WASHINGTON — In mid-July, Radiohead frontman Thom Yorke and his longtime producer and collaborator Nigel Godrich announced that they were pulling their songs from Spotify. They argued that the online streaming service may be good for its investors, but it was bad for artists’ bottom lines. All the press attention and debate that followed have not caused a mass boycott, the company told HuffPost.
But in multiple interviews, owners and executives of indie recording labels across the country said they would support the decision of an individual artist who wanted to pull out of Spotify — although few seemed to actively encourage it.
At least one more prominent artist told HuffPost he will pull out of Spotify. Eric Hilton, who is one half of the band Thievery Corporation and also runs ESL Music, said in an email that he will be joining Yorke.
“I’ve always spoken out about Spotify and today’s streaming sites 100% negatively. Thievery Corporation intends to join [Yorke] and not participate with Spotify, which is especially dangerous to the livelihood of artists,” Hilton wrote. “Thank you Thom Yorke for having the guts to stand up to the new techno-feudalistic gulag exploiting all artists.”
At the time of publication, Thievery Corporation’s recordings were still listed on Spotify.
Spotify did not agree to comment on the record for this story. Nor did any of the major labels that HuffPost contacted. A Spotify source said that Yorke’s label, XL Recordings, had asked the company to pull the singer’s songs off the site. XL Recordings refused to comment.
The indie labels were more forthcoming. Besides supporting the decisions of their artists, some also suggested that Spotify might actually be helpful to bands just starting out.
Laura Ballance, co-founder and owner of Merge Records, said she would let her artists pull out of Spotify. She noted that one of them, the singer-songwriter Mark Eitzel of American Music Club fame, had requested a temporary ban.
“We would let them refrain from having their music up there if that is what they prefer,” Ballance explained via email. “The only artist we have had do that so far is Mark Eitzel. He had us keep his record off Spotify for the first three months after it came out.”
But Eitzel and Hilton are music veterans. They remember what it was like to actually make a living off CDs and vinyl. Profits from Spotify may never equal profits from the old days of Tower Records. Indeed, expectations that Spotify cash could pay a band’s rent are low. “It’s not like we get a ton of money from Spotify anyway,” said Todd Hyman, owner of Carpark Records, in discussing why he’d be willing to pull an artist off the streaming service.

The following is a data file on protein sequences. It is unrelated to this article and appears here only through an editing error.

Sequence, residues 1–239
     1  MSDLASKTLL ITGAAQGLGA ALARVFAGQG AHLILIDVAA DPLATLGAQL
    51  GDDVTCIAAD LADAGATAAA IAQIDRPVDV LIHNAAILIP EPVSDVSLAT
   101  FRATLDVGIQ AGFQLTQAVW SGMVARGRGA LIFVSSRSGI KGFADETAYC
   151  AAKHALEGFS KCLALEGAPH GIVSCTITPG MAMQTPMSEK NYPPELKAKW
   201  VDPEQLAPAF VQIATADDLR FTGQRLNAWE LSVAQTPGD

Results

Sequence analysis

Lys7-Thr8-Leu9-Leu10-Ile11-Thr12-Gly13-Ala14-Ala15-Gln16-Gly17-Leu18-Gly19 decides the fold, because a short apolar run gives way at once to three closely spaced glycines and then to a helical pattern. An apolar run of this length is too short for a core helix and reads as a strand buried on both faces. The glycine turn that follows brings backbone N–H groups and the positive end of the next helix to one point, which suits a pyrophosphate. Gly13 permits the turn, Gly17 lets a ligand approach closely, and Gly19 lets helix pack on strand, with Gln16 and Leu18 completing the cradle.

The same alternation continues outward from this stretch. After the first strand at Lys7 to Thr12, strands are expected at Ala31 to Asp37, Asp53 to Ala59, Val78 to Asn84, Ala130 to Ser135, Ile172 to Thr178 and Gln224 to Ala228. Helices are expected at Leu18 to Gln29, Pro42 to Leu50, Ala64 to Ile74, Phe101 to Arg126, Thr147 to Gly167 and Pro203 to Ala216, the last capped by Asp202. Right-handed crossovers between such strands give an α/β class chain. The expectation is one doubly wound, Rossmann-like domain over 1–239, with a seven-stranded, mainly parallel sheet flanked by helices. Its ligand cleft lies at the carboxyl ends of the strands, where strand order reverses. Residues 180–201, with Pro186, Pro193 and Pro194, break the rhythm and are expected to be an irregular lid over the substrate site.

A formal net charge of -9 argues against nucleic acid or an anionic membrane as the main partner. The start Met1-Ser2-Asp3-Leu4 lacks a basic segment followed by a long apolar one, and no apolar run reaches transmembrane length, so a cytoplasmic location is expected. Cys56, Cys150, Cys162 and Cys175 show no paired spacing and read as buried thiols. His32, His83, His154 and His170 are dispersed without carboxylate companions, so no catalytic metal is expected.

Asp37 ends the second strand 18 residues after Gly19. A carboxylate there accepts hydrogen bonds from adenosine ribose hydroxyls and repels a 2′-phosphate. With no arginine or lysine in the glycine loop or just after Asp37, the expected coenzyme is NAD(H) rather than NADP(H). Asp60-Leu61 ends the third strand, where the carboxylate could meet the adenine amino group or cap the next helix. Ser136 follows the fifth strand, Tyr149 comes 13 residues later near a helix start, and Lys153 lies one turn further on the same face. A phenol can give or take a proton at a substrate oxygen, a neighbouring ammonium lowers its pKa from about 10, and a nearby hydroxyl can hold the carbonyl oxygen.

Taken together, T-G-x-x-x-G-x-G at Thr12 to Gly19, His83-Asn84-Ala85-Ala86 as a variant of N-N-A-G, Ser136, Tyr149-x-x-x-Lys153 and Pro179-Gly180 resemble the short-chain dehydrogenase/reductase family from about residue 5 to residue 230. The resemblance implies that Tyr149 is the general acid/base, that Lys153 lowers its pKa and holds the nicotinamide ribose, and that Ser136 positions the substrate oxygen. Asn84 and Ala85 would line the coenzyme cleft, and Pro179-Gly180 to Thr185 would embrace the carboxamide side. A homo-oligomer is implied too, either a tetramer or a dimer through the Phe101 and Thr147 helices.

Instead, labels and artists tend to see Spotify as just another tool to get their music noticed, similar to MTV in the ’80s and early ’90s, when it helped hip-hop and grunge go mainstream.
“I barely think the good outweighs the bad,” he wrote via email. “But don’t really push my artists for or against it. Maybe I need to talk to Thom Yorke.” Manak added that he would support his artists if they wanted to leave Spotify.
Caleb Braaten, the founder of indie label-of-the-moment Sacred Bones, agrees. “If a band wanted to be pulled from Spotify we would happily do so,” he said. “Spotify for up-and-coming artists is more of a promotional platform than a money-making one … As we know now Spotify is not a money-making platform for anyone besides Spotify.”
Jasper Goggins, label manager for Mad Decent, noted that artists still need to get their music in front of consumers. And consumers are listening through Spotify.
“As a small independent label I feel it is our primary duty to expose our artists to a larger audience and the best way to do that is to get their music in front of active consumers,” he explained in an email. “By removing music from Spotify, you’re basically cutting off your nose to spite your face. Of course I would love it if the royalties were higher, but we also have the majority of our music on Soundcloud and that is the complete opposite model. We pay Soundcloud for the bandwidth!”
LG has begun selling their curved screen technology in the USA and they’ve packed it with the most bleeding edge TV tech available. First up, the tv features a immersive and curved OLED screen that’s rich with saturated colors, inky black levels, and a sharper, smoother picture than that of conventional LED screens. It also uses a body made of carbon fibre reinforced polymer to achieve an ultra-thin profile and also touts 3D capability and voice recognition technology.$15,000, LG